Rabbit Hole

2 out of 5

Created by: John Requa and Glenn Ficarra

covers season 1

I was a pre-teen, and one of my first R-rated movies was Die Hard 2. While I totally thought the movie was frikkin’ awesome, and it kicked off an ongoing love for Bruce Willis, I remember a particular line standing out, snarked by Bruce to the dumb airport cop, standing in the way of his terrorist-foiling: “Let me ask you something: what sets off a metal detector first? The lead in your ass or the shit in your brains?” Willis pulls this off with McClane aplomb, and Dennis Franz – playing the cop – gets an appropriate smacked-down look on his face while unsubtle director Renny Harlin does his unsubtle shtick, but even at my tender age, I questioned this quote. Because, like, what?

Age has not improved its reception. It’s a dumb line; it’s a line made to sound like a good snipe, but it makes absolutely no sense.

That’s a good summary of Rabbit Hole, a “conspiracy” thriller which positions John Weir (Keifer Sutherland) as a dude at the center of a swirling mass of double-crosses and company takeovers and political squabbles, pitted against a dude named Crowley who’s obviously going to take over the world and has to either recruit or kill Weir to do it – whatever makes the most sense for that particular twisty-turny spot in the story. RH cashes in our Sutherland’s credit as the 24 guy, well equipped to run around frantically while also looking like he knows what he’s doing, and be kinda sorta like a Bruce Willis character who’s maybe an everyman who’s also always a step ahead.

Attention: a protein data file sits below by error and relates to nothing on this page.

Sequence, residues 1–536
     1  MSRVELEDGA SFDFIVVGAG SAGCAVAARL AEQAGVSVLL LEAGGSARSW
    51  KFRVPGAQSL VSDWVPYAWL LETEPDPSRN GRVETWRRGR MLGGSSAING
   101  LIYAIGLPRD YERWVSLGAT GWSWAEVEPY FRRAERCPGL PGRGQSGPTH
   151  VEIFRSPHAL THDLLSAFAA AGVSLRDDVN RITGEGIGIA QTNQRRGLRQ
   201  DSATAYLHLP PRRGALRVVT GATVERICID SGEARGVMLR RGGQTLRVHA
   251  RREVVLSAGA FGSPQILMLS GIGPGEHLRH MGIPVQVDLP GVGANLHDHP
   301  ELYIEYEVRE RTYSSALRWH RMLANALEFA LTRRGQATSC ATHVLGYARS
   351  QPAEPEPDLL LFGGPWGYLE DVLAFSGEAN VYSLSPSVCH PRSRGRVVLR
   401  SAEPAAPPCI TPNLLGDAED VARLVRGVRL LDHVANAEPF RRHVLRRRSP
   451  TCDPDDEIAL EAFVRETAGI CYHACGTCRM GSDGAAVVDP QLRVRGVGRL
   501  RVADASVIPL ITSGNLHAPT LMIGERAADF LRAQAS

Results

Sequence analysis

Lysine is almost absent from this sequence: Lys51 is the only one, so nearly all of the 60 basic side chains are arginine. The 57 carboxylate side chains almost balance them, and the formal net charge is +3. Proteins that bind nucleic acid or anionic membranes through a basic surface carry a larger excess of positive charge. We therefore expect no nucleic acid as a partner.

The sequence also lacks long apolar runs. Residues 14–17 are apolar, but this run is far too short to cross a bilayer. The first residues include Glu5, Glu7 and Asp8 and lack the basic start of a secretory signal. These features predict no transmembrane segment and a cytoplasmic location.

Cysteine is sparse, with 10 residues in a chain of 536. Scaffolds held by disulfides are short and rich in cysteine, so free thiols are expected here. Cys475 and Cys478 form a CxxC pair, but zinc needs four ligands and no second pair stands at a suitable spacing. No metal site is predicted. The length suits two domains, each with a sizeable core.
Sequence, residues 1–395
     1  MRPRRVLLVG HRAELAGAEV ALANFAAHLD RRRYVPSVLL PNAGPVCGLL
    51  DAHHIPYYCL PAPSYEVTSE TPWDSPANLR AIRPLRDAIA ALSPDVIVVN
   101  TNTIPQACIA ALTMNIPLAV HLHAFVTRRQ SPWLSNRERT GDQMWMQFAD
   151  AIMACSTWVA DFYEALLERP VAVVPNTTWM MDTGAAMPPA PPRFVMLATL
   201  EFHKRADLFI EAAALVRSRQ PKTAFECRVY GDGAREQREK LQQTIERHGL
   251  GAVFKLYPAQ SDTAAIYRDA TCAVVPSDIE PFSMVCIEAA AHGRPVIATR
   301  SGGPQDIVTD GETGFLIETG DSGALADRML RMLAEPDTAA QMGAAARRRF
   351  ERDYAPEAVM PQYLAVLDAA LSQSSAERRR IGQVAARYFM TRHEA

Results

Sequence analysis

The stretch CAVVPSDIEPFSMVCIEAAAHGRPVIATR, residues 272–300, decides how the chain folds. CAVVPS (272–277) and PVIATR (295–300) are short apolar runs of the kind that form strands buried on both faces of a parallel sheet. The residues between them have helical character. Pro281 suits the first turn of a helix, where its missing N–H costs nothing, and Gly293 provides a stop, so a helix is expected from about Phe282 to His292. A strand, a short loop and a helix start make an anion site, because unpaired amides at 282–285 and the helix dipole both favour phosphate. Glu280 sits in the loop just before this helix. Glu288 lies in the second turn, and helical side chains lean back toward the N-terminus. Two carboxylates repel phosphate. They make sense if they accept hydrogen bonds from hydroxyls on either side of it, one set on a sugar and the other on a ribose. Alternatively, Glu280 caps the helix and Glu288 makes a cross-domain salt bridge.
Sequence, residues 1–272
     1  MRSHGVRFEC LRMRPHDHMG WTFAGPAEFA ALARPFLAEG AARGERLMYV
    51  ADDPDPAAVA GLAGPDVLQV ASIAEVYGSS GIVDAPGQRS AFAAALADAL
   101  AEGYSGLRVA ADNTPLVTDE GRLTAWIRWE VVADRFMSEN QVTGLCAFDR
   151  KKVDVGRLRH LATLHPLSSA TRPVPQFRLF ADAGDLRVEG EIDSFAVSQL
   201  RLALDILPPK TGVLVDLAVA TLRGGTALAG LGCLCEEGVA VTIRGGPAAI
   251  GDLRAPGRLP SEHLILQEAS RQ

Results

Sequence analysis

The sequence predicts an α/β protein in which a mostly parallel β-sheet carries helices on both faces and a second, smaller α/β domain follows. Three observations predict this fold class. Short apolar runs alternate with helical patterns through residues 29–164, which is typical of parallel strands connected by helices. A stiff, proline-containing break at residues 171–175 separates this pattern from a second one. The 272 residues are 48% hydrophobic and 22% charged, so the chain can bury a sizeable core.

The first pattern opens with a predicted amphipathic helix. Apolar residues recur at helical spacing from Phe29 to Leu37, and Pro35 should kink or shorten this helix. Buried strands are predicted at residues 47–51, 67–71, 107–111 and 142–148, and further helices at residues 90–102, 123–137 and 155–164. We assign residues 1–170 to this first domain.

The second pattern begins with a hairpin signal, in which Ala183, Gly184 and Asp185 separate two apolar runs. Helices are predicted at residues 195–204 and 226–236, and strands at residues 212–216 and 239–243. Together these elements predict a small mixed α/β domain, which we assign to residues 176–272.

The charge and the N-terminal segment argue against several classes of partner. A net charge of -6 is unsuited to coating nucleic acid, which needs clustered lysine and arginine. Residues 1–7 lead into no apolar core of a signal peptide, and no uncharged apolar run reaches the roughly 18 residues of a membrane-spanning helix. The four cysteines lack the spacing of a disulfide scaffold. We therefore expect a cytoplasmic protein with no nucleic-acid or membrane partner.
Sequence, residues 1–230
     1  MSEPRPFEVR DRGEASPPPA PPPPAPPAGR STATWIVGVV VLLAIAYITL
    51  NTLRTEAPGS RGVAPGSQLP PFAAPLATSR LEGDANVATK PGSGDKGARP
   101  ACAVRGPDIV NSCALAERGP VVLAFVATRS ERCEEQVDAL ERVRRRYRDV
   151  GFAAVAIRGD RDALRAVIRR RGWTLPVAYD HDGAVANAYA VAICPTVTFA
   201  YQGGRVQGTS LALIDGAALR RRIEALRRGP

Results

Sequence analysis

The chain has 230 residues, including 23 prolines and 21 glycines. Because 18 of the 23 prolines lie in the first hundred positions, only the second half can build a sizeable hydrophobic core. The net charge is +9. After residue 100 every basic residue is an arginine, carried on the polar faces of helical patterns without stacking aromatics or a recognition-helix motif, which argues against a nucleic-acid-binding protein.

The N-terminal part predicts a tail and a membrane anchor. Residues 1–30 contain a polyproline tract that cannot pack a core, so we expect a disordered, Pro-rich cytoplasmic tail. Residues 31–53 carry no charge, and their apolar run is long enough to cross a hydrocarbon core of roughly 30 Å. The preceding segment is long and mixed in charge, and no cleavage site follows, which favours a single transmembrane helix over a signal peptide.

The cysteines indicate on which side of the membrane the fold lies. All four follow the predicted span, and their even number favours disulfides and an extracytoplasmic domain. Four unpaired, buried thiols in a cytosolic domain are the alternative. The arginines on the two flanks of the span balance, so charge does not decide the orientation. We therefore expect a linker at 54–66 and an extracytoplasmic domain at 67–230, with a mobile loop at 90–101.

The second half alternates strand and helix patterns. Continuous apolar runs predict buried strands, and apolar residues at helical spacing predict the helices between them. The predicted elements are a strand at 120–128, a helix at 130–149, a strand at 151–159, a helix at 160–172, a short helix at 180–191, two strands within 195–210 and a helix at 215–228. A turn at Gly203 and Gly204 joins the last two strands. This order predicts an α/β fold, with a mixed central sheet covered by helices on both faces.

But just like that ‘fake it ’til you make it’ line, RH is shot and scored with the bravado of a quality thriller, while being stuffed to the gills with no-sense nonsense and “twists” that either require completely editing scenes so you don’t get key information – perhaps the laziest way to do twists – or just commit grievous inconsistencies with its characters, who are master manipulators who, like, use straight alphabet cyphers for deep state communiques.

It’s not not fun at points, thanks to Sutherland, and tagalong Meta Golding doing a good job of being something of an audience proxy – the innocent mixed up in all the calamity – with some quirky stunt casting for Crowley and scenery chewing by Charles Dances, who’s given a huge chunk of “lead in your ass”-style snark to make sound better with his delivery. And for a brief while, the show actually seems to be having fun being stupid, with a repeated gag of Weir hiding stuff inside walls in safe houses, the very purposefully forcing the audience to play catch up as one scene directly contradicts the previous one. But this dissipates quickly, when Crowley’s master plot is revealed and the show pretends like it’s a legit thriller with lazily “timely” social “commentary,” and stakes that never take hold because they’ll surely just be wiped out with the next twist.